Authors’ Conclusions: Corticosteroid therapy reduced mortality and morbidity in adults with severe CAP; the number needed to treat for an additional beneficial outcome was 18 patients (95% CI 12 to 49) to prevent one death. Corticosteroid therapy reduced morbidity, but not mortality, for adults and children with non-severe CAP. Corticosteroid therapy was associated with more adverse events, especially hyperglycaemia, but the harms did not seem to outweigh the benefits.

Quality Check List for Therapeutic Systematic Reviews:

  1. The clinical question is sensible and answerable. Yes
  2. The search for studies was detailed and exhaustive. Yes
  3. The primary studies were of high methodological quality. Yes
  4. The assessment of studies were reproducible. Yes
  5. The outcomes were clinically relevant. Yes
  6. There was low statistical heterogeneity for the primary outcomes. Yes
  7. The treatment effect was large enough and precise enough to be clinically significant. Yes

Key Results: They identified 17 RCTs (n=2,264) with community-acquired pneumonia to include in this SRMA. The majority or the trials (13) were in adults with only 4 (n=310) in children.

All-cause mortality was significantly reduced with corticosteroid therapy.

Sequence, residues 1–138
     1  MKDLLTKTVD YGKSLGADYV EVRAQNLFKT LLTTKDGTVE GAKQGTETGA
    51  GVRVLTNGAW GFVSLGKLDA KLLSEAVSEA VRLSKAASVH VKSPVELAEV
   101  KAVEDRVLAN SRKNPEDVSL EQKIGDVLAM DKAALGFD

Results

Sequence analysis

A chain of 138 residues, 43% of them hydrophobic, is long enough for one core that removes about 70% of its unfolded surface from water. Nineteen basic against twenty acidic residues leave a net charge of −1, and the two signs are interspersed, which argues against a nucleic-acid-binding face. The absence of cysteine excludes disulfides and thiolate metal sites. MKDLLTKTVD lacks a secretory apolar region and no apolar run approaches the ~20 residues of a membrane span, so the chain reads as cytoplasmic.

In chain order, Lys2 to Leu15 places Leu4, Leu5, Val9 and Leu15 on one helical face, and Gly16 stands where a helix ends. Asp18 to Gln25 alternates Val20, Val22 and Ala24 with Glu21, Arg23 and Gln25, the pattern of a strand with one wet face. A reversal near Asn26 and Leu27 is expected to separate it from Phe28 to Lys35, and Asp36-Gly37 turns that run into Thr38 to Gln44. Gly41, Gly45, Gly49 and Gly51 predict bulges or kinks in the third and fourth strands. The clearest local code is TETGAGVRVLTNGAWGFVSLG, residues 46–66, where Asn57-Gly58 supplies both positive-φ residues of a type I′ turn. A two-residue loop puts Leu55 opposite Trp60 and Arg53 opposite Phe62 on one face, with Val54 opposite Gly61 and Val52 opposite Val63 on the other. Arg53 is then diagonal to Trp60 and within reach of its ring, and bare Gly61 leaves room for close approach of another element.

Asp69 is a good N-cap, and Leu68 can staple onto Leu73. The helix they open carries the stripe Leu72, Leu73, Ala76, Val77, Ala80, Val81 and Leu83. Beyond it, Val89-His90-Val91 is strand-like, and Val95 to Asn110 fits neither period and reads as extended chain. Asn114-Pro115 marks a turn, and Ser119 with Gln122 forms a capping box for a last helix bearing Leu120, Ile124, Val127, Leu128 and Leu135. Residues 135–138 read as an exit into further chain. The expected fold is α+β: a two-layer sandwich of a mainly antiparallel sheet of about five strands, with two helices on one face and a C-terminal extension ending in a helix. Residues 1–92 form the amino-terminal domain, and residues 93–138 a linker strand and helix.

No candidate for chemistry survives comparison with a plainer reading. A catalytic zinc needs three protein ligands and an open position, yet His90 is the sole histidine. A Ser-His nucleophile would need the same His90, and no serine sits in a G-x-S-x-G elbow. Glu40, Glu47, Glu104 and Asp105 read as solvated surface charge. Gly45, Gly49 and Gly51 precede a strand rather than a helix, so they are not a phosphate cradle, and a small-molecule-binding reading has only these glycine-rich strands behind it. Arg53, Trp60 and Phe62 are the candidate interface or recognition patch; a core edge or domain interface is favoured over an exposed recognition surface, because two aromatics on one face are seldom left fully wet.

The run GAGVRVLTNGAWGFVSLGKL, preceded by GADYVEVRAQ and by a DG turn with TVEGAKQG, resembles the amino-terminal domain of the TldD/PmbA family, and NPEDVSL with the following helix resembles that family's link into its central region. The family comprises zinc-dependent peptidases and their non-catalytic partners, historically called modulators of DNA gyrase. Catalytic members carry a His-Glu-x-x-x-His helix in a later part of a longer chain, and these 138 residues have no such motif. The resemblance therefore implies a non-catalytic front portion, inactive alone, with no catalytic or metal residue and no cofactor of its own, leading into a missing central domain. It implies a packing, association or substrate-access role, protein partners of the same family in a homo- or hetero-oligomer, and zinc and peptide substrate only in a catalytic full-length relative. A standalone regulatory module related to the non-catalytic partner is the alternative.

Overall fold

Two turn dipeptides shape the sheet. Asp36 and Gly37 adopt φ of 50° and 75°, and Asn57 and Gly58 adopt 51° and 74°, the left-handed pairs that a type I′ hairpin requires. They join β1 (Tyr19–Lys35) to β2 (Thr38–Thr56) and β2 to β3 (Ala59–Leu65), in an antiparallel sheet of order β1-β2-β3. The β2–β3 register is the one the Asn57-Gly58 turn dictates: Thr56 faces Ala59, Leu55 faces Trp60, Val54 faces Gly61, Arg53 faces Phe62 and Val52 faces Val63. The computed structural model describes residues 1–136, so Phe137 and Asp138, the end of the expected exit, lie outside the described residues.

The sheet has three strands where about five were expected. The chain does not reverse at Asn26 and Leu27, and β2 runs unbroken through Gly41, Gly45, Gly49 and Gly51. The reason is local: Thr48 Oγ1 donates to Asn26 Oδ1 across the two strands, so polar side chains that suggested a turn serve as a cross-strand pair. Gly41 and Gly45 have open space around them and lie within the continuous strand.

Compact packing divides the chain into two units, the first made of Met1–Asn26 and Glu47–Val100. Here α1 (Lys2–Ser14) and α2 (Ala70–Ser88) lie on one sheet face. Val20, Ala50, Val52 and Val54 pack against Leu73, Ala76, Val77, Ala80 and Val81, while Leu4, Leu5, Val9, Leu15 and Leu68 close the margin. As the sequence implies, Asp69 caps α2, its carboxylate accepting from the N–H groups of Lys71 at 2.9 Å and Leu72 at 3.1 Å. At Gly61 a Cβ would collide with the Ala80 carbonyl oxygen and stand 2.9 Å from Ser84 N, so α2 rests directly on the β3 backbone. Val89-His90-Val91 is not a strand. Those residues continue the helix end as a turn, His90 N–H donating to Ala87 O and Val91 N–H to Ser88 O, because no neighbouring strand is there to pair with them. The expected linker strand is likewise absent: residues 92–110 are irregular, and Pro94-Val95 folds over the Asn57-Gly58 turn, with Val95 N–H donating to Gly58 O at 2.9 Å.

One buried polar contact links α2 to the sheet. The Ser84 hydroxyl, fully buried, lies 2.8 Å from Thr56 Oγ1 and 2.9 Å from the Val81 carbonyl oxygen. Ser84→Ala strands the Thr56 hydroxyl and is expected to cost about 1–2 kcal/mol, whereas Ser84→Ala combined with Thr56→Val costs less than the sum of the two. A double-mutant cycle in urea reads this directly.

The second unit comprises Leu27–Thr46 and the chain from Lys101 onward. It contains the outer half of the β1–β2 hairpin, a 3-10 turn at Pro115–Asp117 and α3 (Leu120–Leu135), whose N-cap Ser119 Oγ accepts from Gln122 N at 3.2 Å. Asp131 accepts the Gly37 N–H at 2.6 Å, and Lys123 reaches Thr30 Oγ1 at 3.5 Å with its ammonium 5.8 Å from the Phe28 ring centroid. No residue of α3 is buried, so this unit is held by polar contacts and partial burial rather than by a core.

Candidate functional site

• Primary Outcome: All-cause mortality
    • RR 0.66 (95% CI 0.47 to 0.92; I² = 0%, fixed-effect model)
    • NNT of 18 to save one life in patients with severe CAP
      • Adults with severe pneumonia:RR 0.58 (95% CI 0.40 to 0.84)
      • Adults with non-severe pneumonia: RR 0.95 (95% CI 0.45 to 2.00)

  • Secondary Outcomes:
    • Morbidity: Better with corticosteroids
    • Adverse Events: No significant differences except for significantly more hyperglycemia in the corticosteroid group

As you’d expect from a Cochrane systematic review, the paper is pretty well done. I like the fact that one of their stated secondary outcomes was to look at complications from the corticosteroids, as we know that side effects and harms of treatment are often overlooked or under-reported.

  1. External Validity: This was a strong systematic review looking at lots of studies from all over the planet. The trials were conducted worldwide: eight in Europe, four in China or Japan, three in the Middle East, and one each in South Africa and Australia. Four of the 17 trials included in the SRMA were done in children. This makes it a very generalizable outcome and more likely to apply to most patient populations.
  2. Patient Oriented Outcomes:  Mortality is a very dichotomous patient-oriented outcome. They also looked at the mostly dead (morbidity) and considered time to cure, hospital length of stay, complications, transfer to the ICU, clinical failure and adverse events.
  3. Bias: Almost all of the trials (14/17) had a high risk of reporting bias. This type bias when the nature and direction of the results influence the dissemination of the research. There are a number of types of reporting biases (publication bias, time lag bias, duplicate publication bias, location bias, citation bias, language bias, outcome reporting bias, etc). It is well recognized that positive trials are more likely to be published and published quicker than negative trials [2]. This type of bias can be compounded when put into a SRMA. They authors explored the possibility of small-study and publication biases using a funnel plot. No small-studies effect was demonstrated in the funnel plot analysis.